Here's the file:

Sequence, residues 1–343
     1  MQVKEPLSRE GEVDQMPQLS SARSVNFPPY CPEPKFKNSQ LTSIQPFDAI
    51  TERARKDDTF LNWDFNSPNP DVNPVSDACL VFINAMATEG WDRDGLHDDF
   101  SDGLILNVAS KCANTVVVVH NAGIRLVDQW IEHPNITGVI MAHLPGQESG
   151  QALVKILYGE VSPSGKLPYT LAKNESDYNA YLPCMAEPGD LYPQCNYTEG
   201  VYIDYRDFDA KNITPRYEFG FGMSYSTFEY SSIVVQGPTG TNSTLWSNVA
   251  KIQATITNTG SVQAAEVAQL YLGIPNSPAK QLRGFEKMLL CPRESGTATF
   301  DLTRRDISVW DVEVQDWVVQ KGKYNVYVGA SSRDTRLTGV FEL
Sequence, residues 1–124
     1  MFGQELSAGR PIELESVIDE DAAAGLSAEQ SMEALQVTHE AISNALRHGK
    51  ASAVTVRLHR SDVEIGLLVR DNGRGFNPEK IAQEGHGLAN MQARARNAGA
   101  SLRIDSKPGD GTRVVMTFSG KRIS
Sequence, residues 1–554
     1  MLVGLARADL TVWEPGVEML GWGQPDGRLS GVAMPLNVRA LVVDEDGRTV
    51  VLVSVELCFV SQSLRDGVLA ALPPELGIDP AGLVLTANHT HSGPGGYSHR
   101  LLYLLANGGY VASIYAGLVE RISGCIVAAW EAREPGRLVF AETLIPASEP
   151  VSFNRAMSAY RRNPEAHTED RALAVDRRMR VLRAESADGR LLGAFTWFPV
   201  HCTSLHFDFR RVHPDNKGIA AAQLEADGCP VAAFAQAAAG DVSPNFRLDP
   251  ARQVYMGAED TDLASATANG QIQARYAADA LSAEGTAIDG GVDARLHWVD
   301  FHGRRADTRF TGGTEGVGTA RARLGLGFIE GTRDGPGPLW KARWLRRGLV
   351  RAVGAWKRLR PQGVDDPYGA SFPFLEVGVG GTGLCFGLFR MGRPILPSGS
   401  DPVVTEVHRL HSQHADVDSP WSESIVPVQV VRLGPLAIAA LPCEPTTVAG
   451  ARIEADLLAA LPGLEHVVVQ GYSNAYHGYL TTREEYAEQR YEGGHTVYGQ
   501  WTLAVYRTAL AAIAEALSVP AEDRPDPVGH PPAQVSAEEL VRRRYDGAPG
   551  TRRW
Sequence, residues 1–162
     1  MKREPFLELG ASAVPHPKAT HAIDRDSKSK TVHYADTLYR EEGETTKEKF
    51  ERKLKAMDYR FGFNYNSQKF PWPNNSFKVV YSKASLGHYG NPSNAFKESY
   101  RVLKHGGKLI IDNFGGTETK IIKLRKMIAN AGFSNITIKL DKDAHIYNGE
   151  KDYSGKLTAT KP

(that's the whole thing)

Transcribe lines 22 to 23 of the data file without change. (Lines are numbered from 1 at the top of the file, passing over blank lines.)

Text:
   401  DPVVTEVHRL HSQHADVDSP WSESIVPVQV VRLGPLAIAA LPCEPTTVAG
   451  ARIEADLLAA LPGLEHVVVQ GYSNAYHGYL TTREEYAEQR YEGGHTVYGQ